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Acher, A.J., Volcani Center, Institute of Soils and Water, Bet-Dagan 50250, Israel
Hapeman, C.J., Environmental Chemistry Laboratory, Agricultural Research Service, U.S. Department of Agriculture, Beltsville, MD 20705, United States
Shelton, D.R., Environmental Chemistry Laboratory, Agricultural Research Service, U.S. Department of Agriculture, Beltsville, MD 20705, United States
Muldoon, M.T., Soil Microbial Systems Laboratory, ARS
Lusby, W.R., Insect Neurobiology and Hormone Laboratory, ARS
Avni, A., Weed Science Laboratory, ARS
Waters, R., Environmental Chemistry Laboratory, Agricultural Research Service, U.S. Department of Agriculture, Beltsville, MD 20705, United States
A comparative study of several oxidation methods of aqueous bromacil (I) solutions was conducted as part of a series of investigations concerning the chemical and biological remediation of pesticide-laden wastes. Ozonation (A), UV photolysis at 254 nm (B), and sensitized sunlight photodegradation (C) methods were examined. The A products were isolated and their structures elucidated by mass spectroscopy, various 13C and 1H NMR techniques, and other chemical methods. Three main A products were identified: 3-sec-butyl-5-acetyl-5-hydroxyhydantoin (II, ca. 5%), 3-sec-butylparabanic acid (III, ca. 20%), and 3-sec-butyl-5,5-dibromo-6-methyl-6-hydroxyuracil (IV, ca. 5%), which was also synthesized via hydroxybromination of bromacil; a fourth product (VII) was obtained in minute amount but was not identified. The aqueous solutions of IV are unstable and its decomposition led to re-formation of I. The main products found in B [(3-sec-butyl-6-methyluracil (V) and a dimer compound, VI] and C (II and VI) were similar to those described previously. The biodegradation assays of I, A, B, and C solutions were investigated using activated sludge, a pure culture of Klebsiella terragena (DRS-I), or soil; they indicated that the B and C solutions were more biodegradable than A solutions, while the parent material (I) was nonbiodegradable. A phytotoxicity bioassay, using Nicotiana tabacum seedlings, showed complete detoxification of the B and C solutions but only partial detoxification of the A and IV solutions. An attempt has been made to evaluate the most suitable method of degradation of solutions of I.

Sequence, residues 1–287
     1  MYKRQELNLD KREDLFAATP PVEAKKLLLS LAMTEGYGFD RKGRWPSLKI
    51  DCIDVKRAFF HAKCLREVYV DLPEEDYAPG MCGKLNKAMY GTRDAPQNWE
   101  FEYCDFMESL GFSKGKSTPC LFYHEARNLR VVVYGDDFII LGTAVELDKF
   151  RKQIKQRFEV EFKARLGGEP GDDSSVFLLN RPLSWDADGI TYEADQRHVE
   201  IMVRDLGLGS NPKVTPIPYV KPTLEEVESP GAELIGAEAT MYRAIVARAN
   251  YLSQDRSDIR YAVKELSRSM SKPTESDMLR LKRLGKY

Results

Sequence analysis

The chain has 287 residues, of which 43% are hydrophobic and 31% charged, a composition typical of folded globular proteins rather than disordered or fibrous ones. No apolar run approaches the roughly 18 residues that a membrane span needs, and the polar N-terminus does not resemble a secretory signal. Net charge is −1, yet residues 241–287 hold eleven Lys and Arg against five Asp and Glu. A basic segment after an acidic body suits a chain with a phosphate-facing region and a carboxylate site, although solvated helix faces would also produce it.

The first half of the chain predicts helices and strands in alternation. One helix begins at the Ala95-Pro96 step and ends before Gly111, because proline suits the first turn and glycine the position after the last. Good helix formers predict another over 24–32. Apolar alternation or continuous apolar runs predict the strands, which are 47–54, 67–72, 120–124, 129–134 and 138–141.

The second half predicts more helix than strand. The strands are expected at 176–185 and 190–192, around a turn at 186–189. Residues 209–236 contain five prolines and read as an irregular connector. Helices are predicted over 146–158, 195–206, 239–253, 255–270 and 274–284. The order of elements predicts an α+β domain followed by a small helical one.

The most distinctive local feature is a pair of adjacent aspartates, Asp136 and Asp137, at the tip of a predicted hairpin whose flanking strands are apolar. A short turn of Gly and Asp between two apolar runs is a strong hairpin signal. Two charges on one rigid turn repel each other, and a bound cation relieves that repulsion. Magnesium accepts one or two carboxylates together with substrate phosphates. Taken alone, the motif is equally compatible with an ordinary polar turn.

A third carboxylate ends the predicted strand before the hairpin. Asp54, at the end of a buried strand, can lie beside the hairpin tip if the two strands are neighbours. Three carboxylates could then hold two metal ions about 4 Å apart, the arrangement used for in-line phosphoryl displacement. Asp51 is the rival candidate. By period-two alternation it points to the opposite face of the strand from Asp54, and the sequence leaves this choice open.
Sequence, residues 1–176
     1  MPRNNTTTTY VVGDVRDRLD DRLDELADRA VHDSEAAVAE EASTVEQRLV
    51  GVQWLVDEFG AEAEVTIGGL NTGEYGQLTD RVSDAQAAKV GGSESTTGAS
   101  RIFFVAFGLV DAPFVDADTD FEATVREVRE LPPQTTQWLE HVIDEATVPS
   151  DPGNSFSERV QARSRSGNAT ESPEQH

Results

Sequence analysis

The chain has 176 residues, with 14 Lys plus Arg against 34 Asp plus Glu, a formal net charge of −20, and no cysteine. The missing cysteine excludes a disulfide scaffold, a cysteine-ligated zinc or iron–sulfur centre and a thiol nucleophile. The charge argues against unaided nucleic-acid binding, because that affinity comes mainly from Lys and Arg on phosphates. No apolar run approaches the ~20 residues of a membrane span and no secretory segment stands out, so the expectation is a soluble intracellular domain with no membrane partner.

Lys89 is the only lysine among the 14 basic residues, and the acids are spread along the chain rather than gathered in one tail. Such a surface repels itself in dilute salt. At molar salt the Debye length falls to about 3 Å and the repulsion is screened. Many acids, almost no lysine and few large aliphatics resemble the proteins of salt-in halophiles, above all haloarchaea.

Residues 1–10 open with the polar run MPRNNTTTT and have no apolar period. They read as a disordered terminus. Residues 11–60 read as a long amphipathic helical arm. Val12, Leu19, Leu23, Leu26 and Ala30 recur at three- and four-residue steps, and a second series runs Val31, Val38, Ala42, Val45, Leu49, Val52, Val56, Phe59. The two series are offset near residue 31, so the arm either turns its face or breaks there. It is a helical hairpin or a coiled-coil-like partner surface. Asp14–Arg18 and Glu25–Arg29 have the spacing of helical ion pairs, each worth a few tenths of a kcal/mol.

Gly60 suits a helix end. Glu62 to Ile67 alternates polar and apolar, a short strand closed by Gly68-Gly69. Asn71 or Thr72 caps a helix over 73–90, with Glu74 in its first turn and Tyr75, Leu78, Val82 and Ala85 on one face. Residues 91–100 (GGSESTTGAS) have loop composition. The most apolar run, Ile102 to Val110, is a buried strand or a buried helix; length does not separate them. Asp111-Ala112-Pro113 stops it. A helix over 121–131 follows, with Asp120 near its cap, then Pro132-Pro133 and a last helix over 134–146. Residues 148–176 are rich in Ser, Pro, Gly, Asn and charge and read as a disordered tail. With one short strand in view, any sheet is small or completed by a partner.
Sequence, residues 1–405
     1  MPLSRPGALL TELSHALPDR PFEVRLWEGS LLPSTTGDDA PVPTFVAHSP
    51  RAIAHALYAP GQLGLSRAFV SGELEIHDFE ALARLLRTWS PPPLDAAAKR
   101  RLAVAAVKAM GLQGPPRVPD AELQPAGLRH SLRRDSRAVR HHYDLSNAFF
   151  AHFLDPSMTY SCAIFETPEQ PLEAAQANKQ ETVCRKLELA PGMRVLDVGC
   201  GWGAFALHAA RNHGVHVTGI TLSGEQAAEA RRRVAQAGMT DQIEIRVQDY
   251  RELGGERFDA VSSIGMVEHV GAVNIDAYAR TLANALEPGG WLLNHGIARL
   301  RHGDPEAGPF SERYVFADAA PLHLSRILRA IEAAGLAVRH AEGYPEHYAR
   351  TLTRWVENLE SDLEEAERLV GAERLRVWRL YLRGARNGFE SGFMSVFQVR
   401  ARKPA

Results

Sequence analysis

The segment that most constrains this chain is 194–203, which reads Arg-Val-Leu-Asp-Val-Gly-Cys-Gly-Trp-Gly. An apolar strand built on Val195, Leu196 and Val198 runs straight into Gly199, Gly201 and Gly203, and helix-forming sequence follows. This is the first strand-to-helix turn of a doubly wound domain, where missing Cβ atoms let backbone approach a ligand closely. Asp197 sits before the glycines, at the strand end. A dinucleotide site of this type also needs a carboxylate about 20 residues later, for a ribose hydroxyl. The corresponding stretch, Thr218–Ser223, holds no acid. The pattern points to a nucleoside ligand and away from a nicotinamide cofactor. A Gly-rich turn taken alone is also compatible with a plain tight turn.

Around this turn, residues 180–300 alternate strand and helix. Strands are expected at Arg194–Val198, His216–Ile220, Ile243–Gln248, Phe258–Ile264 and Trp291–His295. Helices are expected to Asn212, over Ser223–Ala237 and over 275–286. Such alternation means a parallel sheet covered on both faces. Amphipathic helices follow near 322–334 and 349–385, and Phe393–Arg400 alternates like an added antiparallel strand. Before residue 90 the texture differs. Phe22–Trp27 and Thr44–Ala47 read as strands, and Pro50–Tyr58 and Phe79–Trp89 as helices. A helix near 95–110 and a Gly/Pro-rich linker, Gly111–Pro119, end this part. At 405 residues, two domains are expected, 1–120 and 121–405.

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Comparison of formation and biodegradation of bromacil oxidation products in aqueous solutions
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Acher, A.J., Volcani Center, Institute of Soils and Water, Bet-Dagan 50250, Israel
Hapeman, C.J., Environmental Chemistry Laboratory, Agricultural Research Service, U.S. Department of Agriculture, Beltsville, MD 20705, United States
Shelton, D.R., Environmental Chemistry Laboratory, Agricultural Research Service, U.S. Department of Agriculture, Beltsville, MD 20705, United States
Muldoon, M.T., Soil Microbial Systems Laboratory, ARS
Lusby, W.R., Insect Neurobiology and Hormone Laboratory, ARS
Avni, A., Weed Science Laboratory, ARS
Waters, R., Environmental Chemistry Laboratory, Agricultural Research Service, U.S. Department of Agriculture, Beltsville, MD 20705, United States
Comparison of formation and biodegradation of bromacil oxidation products in aqueous solutions
A comparative study of several oxidation methods of aqueous bromacil (I) solutions was conducted as part of a series of investigations concerning the chemical and biological remediation of pesticide-laden wastes. Ozonation (A), UV photolysis at 254 nm (B), and sensitized sunlight photodegradation (C) methods were examined. The A products were isolated and their structures elucidated by mass spectroscopy, various 13C and 1H NMR techniques, and other chemical methods. Three main A products were identified: 3-sec-butyl-5-acetyl-5-hydroxyhydantoin (II, ca. 5%), 3-sec-butylparabanic acid (III, ca. 20%), and 3-sec-butyl-5,5-dibromo-6-methyl-6-hydroxyuracil (IV, ca. 5%), which was also synthesized via hydroxybromination of bromacil; a fourth product (VII) was obtained in minute amount but was not identified. The aqueous solutions of IV are unstable and its decomposition led to re-formation of I. The main products found in B [(3-sec-butyl-6-methyluracil (V) and a dimer compound, VI] and C (II and VI) were similar to those described previously. The biodegradation assays of I, A, B, and C solutions were investigated using activated sludge, a pure culture of Klebsiella terragena (DRS-I), or soil; they indicated that the B and C solutions were more biodegradable than A solutions, while the parent material (I) was nonbiodegradable. A phytotoxicity bioassay, using Nicotiana tabacum seedlings, showed complete detoxification of the B and C solutions but only partial detoxification of the A and IV solutions. An attempt has been made to evaluate the most suitable method of degradation of solutions of I.
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